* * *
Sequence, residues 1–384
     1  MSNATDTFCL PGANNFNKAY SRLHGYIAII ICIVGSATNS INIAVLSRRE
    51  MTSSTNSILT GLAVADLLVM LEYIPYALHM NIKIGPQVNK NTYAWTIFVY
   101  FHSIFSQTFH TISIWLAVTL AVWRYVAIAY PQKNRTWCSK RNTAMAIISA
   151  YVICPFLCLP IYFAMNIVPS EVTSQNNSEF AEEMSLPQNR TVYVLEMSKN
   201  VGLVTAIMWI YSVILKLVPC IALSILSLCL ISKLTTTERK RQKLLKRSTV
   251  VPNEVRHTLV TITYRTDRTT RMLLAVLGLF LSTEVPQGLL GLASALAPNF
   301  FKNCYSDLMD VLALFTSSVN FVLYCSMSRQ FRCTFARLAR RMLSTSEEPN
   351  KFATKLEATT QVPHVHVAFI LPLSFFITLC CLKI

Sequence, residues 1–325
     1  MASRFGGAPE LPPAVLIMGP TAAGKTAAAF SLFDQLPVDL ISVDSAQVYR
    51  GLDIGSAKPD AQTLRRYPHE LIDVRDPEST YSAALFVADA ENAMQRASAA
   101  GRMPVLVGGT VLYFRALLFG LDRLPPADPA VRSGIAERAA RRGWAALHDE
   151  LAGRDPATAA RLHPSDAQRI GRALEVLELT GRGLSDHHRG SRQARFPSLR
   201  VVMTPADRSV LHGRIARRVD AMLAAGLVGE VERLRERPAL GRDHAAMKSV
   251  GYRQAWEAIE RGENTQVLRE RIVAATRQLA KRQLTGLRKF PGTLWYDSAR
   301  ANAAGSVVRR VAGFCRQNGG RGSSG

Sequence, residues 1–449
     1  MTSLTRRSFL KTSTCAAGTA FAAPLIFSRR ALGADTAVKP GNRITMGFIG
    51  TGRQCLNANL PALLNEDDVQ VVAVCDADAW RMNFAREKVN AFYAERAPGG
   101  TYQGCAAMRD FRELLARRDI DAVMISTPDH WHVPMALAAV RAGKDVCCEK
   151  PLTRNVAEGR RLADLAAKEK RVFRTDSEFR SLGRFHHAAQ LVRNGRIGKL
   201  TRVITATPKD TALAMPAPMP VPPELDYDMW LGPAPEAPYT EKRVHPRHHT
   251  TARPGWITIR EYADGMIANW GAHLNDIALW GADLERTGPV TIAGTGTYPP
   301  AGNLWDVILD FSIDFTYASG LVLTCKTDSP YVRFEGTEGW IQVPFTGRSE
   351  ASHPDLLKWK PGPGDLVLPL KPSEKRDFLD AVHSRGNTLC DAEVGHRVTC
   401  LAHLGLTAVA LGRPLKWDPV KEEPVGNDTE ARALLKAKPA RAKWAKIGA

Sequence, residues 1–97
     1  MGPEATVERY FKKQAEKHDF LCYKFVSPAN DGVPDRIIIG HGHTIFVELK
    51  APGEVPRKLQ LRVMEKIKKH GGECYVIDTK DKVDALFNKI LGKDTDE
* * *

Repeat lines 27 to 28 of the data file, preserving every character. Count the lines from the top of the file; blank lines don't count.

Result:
   401  LAHLGLTAVA LGRPLKWDPV KEEPVGNDTE ARALLKAKPA RAKWAKIGA

Sequence, residues 1–97